Money earned from issuing the bonds will go to the local economic-development agency and chambers of commerce, which promote business to complement farms growing cotton, pistachios, melons and alfalfa, Wilson said. Some will also be used to tout a 16-mile section of the Colorado River, called the Parker Strip, which attracts boaters and water skiers.

County residents make less money than most Arizonans, and have a harder time finding work. The median wage of about $27,500 in 2012 compared with the state average of $33,977, Department of Administration data. Its December jobless rate of 9.2 percent exceeded the 7.6 percent Arizona average.

Wisconsin Outlet

The biggest issuer of such debt is the Wisconsin Public Finance Authority, according to Rittner. The agency has arranged more than $1 billion in bonds for businesses in 36 states, said Mike LaPierre, a program manager. Borrowers have included Northwest University, a Kirkland, Washington, school founded by the Assemblies of God denomination, according to the authority’s website.

In Colorado, the state Educational & Cultural Facilities Authority has sold bonds for borrowers including The Nature Conservancy, which used the funds to refinance debt on its Arlington, Virginia, headquarters.
Rittner said issuance for out-of-state borrowers has prompted more questions from debt managers than any other topic in recent years.

“Many feel that public finance is their state’s prerogative and they get nervous when an outside issuer does work in their state,” he said.

Pushing Back

“There has been some push-back because some states want to have input into these deals,” said James Parks, president of the Louisiana Public Facilities Authority in Baton Rouge. He said his agency could have managed the transaction.

When La Paz sold the bonds, proceeds funded a loan to LCS, which is based in Lafayette, Louisiana, and is using the money to refinance mortgages on its prisons. The facilities house as many as 6,652 inmates, offering documents show.

The documents cite risks to bondholders, including the possibility that demand for the facilities may wane, or that trustees may be unable to sell the assets and generate money to repay the obligations in the event of a default. 

Investors on Jan. 16 demanded a 7.5 percent yield for LCS’s 20-year bonds, which are federally taxable, and which Standard & Poor’s rates BBB, two steps above junk. The yield was about 3.9 percentage points more than Treasuries maturing in February 2036. It was also about 2.3 percentage points more than on corporate bonds with a similar rating, Moody’s Investors Service data show.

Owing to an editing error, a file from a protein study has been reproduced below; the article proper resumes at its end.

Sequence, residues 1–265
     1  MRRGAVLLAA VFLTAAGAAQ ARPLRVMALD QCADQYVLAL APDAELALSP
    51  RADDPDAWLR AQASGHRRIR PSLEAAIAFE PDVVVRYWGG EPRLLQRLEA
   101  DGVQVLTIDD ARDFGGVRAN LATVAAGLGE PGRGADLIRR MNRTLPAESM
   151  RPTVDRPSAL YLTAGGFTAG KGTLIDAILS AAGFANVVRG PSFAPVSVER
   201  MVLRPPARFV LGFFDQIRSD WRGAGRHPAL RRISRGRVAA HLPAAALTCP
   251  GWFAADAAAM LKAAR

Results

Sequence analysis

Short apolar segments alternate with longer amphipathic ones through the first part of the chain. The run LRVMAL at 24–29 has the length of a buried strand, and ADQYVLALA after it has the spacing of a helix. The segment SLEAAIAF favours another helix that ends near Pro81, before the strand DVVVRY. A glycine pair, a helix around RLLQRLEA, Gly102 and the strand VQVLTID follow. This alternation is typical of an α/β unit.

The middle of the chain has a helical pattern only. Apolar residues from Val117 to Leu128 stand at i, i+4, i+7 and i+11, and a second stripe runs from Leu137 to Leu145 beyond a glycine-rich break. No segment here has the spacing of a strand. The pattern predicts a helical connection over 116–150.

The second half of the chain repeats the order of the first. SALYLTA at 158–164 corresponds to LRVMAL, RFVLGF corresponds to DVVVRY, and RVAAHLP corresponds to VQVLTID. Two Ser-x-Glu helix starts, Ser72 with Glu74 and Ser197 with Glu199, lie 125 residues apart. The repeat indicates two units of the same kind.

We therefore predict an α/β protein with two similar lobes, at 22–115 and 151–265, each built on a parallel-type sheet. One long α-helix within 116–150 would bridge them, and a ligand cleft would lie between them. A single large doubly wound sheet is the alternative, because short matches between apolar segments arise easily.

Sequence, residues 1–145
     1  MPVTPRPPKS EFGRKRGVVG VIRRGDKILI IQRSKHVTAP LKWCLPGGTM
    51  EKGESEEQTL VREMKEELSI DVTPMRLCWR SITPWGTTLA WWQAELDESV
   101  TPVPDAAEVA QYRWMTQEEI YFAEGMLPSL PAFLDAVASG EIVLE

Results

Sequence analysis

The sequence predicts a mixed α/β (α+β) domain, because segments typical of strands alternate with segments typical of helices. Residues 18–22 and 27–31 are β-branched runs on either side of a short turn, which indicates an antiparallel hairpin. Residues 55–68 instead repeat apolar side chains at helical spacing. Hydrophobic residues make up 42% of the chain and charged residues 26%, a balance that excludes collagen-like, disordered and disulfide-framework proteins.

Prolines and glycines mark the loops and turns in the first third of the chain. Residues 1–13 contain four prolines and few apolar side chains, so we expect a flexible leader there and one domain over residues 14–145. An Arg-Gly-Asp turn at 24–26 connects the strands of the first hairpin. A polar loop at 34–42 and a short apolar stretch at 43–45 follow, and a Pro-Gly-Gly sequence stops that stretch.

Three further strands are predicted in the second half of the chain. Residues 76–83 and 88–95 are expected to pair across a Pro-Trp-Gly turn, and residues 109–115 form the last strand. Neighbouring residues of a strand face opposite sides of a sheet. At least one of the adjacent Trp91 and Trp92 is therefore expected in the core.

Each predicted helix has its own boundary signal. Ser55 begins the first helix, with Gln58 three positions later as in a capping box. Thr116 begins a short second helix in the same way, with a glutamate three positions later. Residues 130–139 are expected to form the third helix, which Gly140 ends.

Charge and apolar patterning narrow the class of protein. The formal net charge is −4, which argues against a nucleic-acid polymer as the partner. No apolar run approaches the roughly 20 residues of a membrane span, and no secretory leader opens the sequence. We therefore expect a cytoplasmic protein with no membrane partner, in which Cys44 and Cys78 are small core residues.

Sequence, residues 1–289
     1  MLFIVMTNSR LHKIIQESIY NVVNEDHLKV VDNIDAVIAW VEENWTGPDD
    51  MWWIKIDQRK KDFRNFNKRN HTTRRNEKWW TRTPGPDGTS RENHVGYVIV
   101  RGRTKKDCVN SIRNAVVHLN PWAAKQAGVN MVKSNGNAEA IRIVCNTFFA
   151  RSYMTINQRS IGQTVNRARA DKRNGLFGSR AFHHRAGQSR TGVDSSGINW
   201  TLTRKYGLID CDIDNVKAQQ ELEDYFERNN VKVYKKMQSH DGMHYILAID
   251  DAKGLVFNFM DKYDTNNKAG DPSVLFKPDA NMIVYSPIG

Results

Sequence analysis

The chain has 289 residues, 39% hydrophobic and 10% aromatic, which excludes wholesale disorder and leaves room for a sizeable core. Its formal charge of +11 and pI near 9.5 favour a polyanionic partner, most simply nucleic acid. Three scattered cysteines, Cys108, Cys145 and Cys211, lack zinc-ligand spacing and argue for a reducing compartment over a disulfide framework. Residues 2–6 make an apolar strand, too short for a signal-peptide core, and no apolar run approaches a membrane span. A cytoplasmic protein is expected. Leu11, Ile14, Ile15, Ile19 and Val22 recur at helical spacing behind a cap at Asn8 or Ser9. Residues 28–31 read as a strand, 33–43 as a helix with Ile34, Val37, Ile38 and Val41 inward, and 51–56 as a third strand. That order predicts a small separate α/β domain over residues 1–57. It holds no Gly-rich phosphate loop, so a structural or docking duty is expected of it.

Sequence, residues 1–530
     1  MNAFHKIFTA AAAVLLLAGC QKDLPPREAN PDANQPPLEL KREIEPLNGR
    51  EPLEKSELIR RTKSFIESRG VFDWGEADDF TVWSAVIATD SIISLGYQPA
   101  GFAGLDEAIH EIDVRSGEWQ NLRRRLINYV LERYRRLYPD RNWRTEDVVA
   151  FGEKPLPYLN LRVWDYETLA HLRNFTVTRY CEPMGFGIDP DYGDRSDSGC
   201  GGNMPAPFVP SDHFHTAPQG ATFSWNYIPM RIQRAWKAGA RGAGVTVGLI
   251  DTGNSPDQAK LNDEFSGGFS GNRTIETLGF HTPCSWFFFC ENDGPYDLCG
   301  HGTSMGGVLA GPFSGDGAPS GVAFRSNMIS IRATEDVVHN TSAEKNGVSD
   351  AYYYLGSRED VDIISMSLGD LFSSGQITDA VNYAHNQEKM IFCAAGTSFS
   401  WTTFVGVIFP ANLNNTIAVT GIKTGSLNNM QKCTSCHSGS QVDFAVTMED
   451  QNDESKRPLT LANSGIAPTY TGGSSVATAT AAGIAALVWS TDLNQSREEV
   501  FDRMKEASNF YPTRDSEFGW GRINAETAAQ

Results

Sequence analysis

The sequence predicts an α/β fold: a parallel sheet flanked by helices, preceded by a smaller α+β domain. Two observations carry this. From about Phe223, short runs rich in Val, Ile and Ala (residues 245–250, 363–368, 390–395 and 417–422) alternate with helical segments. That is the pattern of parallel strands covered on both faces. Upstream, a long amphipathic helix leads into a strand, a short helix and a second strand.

Default Outlier

About 1.5 percent of jail-related bond issues are in default, the fifth-highest rate among more than 25 types of debt, according to a Jan. 6 report by Matt Fabian, managing director of Concord, Massachusetts research firm Municipal Market Advisors. Less than 0.2 percent of state and local bonds default, Fabian said.

“Private prison bonds are absolutely the red-headed stepchildren in the muni industry,” said David Jaderlund of Jaderlund Investments LLC, which manages $500 million of bonds in Santa Fe, New Mexico. The bonds are often based on leases with government agencies that may be broken if inmate populations decline or local officials change policies, he said. 

Private prisons held 8.7 percent of inmates in 2012, according to a U.S. Department of Justice report issued in December. The facilities are gaining share as more localities decline to build jails because of budget pressures, Sullivan said.

Issuance Experience

LCS picked La Paz in part because it had experience as the issuer in May for a prison in Holtville, California, owned by a Utah company, she said.

“We wanted to have an issuer with some name recognition,” she said.

The California prison was the authority’s second transaction since it was formed in the 1980s, Wilson said. The unrated bonds, which are tax-exempt and mature in October 2039, traded as recently as Jan. 14 with an average yield of 7.8 percent, data compiled by Bloomberg show.

LCS reported net losses of $13.1 million in 2012 and $16.6 million in 2011, as interest expenses exceeded $17.9 million both years, according to the offering statement for the bonds sold this month. Revenue grew to $69.9 million in 2012 from $58.6 million in 2011.

An LCS spokesman, Richard Harbison, declined to comment on the financing, and he said Chairman Jerry Gottlieb also declined to comment.

Development authorities in Arizona have issued bonds for about 20 out-of-state deals over the past six years, said Patrick Ray, a lawyer at Kutak Rock LLP in Scottsdale, who represents La Paz and other counties. While some transactions have required restructurings, none are in default, he said.

To contact the reporter on this story: David Mildenberg in Austin at
To contact the editor responsible for this story: Stephen Merelman at